"It was super important in my development, to play with J.J. and Derek, to get beat up a lot when I was younger," T.J. said. "But [also], to be resilient and continue to grow and learn from my experiences playing with those guys."
T.J. was 16 and a sophomore at Pewaukee High School when J.J. was drafted by the Texans. He had seen J.J. transfer from Central Michigan to Wisconsin as a walk-on and play so well in his junior year that he left early for the NFL draft.
"He's been that role model for us since we were young and always set that standard; that bar was really high and it was special," said Derek Watt, who was drafted in the sixth round by the Chargers in 2016 but signed with the Steelers in the offseason. "We were there when he got drafted. We got to be in the building and some of those award ceremonies. Being there for him, and seeing all of the behind-the-scenes things that people don't notice, all the work he puts in, all the different sacrifices you have to make, we're proud of him ...
"Today, he's still that elite player. [It] definitely motivated us, for sure."
And while the brothers might compete with each other in just about every area of their lives, J.J. never passed up a chance to show his brothers what he was going through in an effort to help them.
"The coolest thing about J.J. is his openness to us," T.J. said. "Truly being an open book, in any aspect of life. That's what makes him such a great older brother."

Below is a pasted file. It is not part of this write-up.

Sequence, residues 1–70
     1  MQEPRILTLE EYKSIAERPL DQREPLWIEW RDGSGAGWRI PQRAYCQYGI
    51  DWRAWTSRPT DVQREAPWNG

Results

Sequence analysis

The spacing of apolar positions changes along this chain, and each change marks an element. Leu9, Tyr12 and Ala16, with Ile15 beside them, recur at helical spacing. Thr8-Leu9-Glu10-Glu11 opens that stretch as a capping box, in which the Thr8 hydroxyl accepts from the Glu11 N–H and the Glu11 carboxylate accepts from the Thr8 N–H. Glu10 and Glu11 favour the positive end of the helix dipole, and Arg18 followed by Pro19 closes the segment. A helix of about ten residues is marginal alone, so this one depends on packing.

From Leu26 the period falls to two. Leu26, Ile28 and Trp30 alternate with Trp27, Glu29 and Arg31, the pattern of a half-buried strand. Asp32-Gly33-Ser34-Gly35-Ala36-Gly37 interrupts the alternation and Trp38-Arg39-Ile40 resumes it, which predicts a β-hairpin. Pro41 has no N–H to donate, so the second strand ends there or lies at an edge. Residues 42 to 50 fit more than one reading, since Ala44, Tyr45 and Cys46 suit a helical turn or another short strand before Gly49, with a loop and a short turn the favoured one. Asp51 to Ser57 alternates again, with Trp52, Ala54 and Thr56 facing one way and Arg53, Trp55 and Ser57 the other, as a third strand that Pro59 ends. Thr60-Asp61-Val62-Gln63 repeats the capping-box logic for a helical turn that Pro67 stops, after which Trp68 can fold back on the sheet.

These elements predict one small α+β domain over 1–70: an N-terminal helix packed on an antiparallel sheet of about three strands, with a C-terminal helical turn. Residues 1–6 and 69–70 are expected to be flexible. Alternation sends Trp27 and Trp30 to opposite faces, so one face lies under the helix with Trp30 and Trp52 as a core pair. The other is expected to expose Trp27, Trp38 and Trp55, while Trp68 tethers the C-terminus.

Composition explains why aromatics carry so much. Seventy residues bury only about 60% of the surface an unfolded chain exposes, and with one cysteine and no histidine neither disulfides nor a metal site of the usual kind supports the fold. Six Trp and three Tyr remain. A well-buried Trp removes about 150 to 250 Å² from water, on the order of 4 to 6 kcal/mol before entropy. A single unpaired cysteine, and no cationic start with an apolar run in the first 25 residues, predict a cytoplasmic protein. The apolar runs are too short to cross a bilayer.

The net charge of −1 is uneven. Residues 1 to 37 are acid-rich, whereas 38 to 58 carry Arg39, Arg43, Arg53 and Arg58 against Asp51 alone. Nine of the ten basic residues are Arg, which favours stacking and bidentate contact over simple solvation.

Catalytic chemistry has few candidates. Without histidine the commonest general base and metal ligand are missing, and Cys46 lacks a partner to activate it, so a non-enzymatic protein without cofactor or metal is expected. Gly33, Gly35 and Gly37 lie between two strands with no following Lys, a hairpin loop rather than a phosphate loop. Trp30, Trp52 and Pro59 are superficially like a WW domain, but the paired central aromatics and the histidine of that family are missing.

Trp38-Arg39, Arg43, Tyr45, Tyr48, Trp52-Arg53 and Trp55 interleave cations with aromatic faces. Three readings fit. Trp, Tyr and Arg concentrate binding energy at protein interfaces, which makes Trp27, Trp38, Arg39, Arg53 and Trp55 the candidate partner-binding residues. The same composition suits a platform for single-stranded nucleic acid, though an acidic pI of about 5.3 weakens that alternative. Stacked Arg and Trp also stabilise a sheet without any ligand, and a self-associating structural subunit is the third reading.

It was July 2015, and T.J. Watt had a decision to make. He had been asked by Wisconsin coach Paul Chryst to switch from tight end -- the position J.J. also began his college career playing -- to pass-rusher.
T.J. joined the Badgers in 2013, but after four torn ligaments and two surgeries, Chryst suggested moving to outside linebacker would help alleviate the pressure being put on his knees while blocking.
When T.J. was considering the switch, Chryst called J.J. to ask what he thought of the idea. Other than helping prevent future knee injuries, J.J. remembers telling Chryst he thought T.J. would succeed at the position.
"I always thought that he would be successful at defensive end," J.J. said. "... The thing about him that's very similar to myself is that when you play tight end, they tell you what to do every single play. They tell you exactly who to block, they tell you what route to run. You have to wait for the ball to be thrown to you. There's a lot of variables that come into play where a lot of other things have to happen for you to make a play.